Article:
By Benjamin Forgey
Washington Post Staff Writer
Thursday, June 15, 2006
Something has gone terribly wrong at the Martin Luther King Memorial Library.
No, it's not the non-working elevators, the outdated dumbwaiter system, the unreliable climate-control system, the windowless offices or any of the other nettlesome stuff that visitors and staff members often complain about.
Rather, it is a fundamental lack of respect for the building on the part of the library's upper echelons and the administration of Mayor Anthony Williams. It would seem that the mayor and his colleagues have no idea what they have here. Or don't care.
This low, black steel building with the immense dark windows is a fine example of the late work of Ludwig Mies van der Rohe -- or, simply, Mies -- one of the past century's two or three greatest architects. The building, in other words, is an important historic artifact -- our only building by the great man. And in its quietly authoritative way, it is very beautiful.
The Mies work, with its dark skin and its succinct rhythm of undecorated columns spaced 30 feet apart, remains a taut 20th-century complement to the Old Patent Office Building. That's the block-big, marble-clad 19th-century building with those stalwart Doric porticos, standing diagonally across from the library at the corner of Ninth and G streets NW.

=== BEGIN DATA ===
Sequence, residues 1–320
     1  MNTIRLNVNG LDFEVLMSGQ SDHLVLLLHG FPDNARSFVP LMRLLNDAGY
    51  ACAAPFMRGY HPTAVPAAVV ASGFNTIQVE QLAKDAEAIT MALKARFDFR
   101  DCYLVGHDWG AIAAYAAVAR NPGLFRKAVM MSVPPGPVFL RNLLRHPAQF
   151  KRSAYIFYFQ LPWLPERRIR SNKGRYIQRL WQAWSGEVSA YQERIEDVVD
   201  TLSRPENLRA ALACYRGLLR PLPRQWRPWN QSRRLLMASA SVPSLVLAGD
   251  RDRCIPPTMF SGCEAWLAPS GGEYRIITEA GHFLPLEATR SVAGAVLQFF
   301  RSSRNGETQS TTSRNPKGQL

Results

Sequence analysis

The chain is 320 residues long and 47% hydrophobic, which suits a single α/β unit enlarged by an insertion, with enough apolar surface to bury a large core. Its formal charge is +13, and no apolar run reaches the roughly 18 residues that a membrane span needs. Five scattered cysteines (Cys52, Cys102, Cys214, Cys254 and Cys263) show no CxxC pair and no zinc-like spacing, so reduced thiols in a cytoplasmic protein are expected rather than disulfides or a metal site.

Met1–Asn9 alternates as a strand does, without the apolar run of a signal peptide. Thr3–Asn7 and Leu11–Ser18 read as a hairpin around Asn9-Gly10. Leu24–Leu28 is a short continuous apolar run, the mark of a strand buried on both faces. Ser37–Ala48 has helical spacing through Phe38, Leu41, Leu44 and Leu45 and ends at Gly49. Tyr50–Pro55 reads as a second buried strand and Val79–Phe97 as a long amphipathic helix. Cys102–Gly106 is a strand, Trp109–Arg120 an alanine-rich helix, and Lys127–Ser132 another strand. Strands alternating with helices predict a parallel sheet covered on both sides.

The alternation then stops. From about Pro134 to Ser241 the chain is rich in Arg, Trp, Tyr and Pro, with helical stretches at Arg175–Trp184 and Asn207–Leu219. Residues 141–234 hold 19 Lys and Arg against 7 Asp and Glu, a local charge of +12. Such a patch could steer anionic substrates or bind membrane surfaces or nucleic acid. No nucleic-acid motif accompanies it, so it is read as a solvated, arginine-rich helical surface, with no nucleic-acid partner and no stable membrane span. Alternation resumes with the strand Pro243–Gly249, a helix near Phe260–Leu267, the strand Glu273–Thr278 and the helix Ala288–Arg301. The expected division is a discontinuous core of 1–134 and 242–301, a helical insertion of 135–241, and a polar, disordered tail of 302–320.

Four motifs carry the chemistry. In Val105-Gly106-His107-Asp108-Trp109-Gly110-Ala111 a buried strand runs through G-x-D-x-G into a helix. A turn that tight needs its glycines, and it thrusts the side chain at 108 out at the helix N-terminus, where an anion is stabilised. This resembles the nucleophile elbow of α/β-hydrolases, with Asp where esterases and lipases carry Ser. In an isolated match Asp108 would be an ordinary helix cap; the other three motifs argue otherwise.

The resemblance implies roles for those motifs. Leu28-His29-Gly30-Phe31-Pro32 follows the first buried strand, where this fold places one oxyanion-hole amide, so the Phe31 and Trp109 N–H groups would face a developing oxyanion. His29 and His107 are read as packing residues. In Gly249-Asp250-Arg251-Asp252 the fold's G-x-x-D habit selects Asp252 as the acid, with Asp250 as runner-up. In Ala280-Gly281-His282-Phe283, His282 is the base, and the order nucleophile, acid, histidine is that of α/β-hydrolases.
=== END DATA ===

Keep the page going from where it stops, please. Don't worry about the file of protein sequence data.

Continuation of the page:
Mies showed his admiration for classical architecture in his building, with its inherent order and restraint. The two structures make a great urban pairing. And it's a tripling, if you take into account the swooping glass and steel facade of Devrouax & Purnell's recent Pepco headquarters, also at Ninth and G.
As I can testify from long years of personal acquaintance, the library is a splendidly welcoming public building. The lightness and spaciousness of the big reading rooms are a revelation. On occasion, I've written columns there simply for the pleasure of sitting in those big rooms, with their generous views of the city.
Tastes change, of course, and the pendulum in Washington long ago swung away from the honed-down minimalism of which Mies was the unquestioned avatar. But there is a big difference between a firsthand Mies and the many second- and third-rate versions that sprang up in Washington, as well as all over the world.
Besides, changing taste is but a fickle reason to neglect a fine public building. The more important explanation for the official disdain, I suspect, is the city's desire to build a new central library as a principal part of redeveloping the old convention center site just up the street.
Many cities, including Denver and Seattle, have made new libraries a central focus of downtown renewal efforts. Endeavoring to ensure that these facilities are broadly popular -- by including sophisticated built-in electronics, special meeting spaces, cafes, targeted programs and the like -- seems to have worked pretty well, especially when coordinated with improvements to the overall library system.